'Vulnerable' man died after police refused assistance
A coroner is set to report to the Justice Minister over the death of a "vulnerable" man outside a police station after he was refused help by officers who were inside.
Coroner Joanne Donnelly is to send her findings into the death to minister David Ford after it emerged Joseph Grant (43) had been turned away from a police station on a winter's night almost three years ago.
Two days later the father-of-three was found face down in water in a storm drain that runs along a wall at Ballymena police station.
Mr Grant, from Oak Grange Upper, Dromore Road, Warrenpoint, had travelled to the Co Antrim town two days earlier after being granted bail for a shoplifting charge at Newry Courthouse - where yesterday's inquest was held - on November 19, 2008.
It emerged yesterday that the dead man's home address appeared on Court Service computers as being in Fisherwick Gardens in Ballymena - even though he had never been there.
A PSNI computer error meant that up to 500 people were listed on their system as living at an address in Ballymena, including Mr Grant.
Mr Grant, who was described several times throughout the hearing as "vulnerable", believed it was part of his bail conditions that he should reside at the incorrect Co Antrim address listed on his court papers.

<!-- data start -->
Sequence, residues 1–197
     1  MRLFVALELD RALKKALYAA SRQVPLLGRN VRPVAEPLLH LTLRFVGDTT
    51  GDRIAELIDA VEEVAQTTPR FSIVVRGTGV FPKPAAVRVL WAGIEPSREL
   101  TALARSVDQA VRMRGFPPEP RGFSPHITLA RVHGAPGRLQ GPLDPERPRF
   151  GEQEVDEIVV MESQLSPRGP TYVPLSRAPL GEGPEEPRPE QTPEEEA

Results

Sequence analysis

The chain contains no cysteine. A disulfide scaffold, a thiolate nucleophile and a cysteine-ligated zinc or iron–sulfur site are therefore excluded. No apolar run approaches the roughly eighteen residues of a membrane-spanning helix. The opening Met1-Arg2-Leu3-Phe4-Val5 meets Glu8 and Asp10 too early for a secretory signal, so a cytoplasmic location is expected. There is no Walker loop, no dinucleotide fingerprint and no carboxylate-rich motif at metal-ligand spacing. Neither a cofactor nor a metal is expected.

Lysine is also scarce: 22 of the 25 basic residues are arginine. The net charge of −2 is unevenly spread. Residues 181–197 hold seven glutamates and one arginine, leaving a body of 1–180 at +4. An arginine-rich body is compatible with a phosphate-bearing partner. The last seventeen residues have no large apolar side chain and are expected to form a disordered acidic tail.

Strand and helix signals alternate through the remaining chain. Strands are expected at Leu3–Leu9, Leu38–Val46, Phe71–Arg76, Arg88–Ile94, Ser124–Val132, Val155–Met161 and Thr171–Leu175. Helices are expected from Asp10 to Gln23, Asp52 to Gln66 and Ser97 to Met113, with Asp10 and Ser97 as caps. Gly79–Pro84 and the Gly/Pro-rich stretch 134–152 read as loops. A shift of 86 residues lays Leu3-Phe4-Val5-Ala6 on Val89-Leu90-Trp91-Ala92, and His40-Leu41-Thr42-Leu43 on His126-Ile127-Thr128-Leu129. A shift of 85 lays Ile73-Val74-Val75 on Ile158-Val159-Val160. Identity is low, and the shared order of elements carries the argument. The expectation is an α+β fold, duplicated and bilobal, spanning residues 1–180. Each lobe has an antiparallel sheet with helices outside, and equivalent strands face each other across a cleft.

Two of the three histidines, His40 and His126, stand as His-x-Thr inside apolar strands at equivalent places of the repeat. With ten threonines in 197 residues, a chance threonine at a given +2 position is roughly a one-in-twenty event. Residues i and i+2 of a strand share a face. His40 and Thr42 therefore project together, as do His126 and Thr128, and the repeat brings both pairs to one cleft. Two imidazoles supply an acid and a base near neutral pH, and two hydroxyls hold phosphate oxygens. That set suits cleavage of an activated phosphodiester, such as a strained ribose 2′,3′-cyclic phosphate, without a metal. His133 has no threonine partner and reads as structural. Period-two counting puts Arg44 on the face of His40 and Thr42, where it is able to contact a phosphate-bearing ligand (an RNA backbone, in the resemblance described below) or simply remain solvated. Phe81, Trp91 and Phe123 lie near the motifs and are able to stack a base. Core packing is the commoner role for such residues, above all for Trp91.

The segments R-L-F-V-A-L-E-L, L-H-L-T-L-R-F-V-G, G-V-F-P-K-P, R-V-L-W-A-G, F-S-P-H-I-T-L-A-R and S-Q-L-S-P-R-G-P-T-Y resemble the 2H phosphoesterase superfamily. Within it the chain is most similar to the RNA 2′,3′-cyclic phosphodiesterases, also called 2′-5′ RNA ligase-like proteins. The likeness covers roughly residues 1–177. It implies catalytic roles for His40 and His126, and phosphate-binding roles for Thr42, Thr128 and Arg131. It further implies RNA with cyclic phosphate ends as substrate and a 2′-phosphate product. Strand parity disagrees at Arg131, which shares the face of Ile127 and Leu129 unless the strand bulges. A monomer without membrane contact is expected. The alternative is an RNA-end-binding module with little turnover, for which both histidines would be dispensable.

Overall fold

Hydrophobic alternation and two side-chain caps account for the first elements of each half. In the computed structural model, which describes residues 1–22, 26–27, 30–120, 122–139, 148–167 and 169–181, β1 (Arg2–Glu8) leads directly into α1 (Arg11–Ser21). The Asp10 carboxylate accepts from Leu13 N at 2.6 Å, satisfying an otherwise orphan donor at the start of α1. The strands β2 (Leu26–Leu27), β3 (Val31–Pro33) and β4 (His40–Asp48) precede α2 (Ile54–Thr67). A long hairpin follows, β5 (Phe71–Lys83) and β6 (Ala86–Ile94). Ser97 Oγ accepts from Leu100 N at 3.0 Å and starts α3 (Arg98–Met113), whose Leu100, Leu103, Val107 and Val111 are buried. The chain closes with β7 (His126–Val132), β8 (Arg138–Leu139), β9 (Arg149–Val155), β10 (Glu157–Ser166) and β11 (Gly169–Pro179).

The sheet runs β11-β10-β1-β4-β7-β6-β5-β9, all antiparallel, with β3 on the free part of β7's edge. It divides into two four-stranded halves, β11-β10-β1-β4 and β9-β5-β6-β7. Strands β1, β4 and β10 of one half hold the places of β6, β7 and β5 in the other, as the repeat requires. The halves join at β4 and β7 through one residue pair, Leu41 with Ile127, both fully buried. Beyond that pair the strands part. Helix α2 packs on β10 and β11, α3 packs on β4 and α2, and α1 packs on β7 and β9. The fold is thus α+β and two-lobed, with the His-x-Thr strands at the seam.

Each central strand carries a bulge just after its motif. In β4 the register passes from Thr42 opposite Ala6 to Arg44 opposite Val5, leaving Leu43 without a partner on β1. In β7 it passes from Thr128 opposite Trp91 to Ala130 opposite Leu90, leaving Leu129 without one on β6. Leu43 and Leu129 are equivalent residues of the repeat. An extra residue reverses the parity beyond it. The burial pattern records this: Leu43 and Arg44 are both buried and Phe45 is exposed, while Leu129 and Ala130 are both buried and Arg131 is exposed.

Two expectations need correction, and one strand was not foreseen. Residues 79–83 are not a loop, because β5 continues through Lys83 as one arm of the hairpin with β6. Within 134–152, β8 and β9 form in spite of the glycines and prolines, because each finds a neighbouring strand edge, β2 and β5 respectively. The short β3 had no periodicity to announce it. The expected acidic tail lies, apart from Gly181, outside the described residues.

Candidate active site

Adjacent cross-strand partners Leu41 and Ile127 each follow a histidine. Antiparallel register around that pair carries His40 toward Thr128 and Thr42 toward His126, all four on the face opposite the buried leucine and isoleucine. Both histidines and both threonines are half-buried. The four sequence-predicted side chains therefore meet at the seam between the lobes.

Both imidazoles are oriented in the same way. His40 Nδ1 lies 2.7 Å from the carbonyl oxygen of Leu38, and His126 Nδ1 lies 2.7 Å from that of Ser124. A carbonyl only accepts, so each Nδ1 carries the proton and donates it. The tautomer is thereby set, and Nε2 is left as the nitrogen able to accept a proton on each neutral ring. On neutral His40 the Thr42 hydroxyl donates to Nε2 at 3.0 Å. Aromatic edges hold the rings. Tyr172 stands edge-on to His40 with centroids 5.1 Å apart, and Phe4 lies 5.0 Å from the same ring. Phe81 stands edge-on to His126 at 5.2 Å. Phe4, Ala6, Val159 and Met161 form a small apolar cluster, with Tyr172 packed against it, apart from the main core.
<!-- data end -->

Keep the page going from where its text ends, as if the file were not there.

In her summary, the coroner said Mr Grant died from freshwater drowning, but added that it was "necessary and appropriate" to report his death to the Justice Minister.
She also referred to a letter written to her by the dead man's family in which they are critical of the PSNI and Prison Service. Ms Donnelly confirmed she also intends to forward this letter to the minister.
A PSNI spokesman said steps had been taken to ensure there was no repeat of the incident and staff involved have received "additional training".
Extracts from a letter written by Rita Grant, the dead man's sister, to coroner Joanne Donnelly
It was confirmed by most of the police officers in Ballymena police station Joseph had no idea where he was going, or why he was sent to Ballymena. Anyone who had contact with Joseph that evening would, I believe, have ascertained Joseph was a vulnerable adult. My interpretation of this as a lay person is that Joseph was most likely told in no uncertain terms to go away and not come back. Such gross negligence on the part of both the prison authorities and the Police Service of Northern Ireland has, I believe, contributed to this tragedy.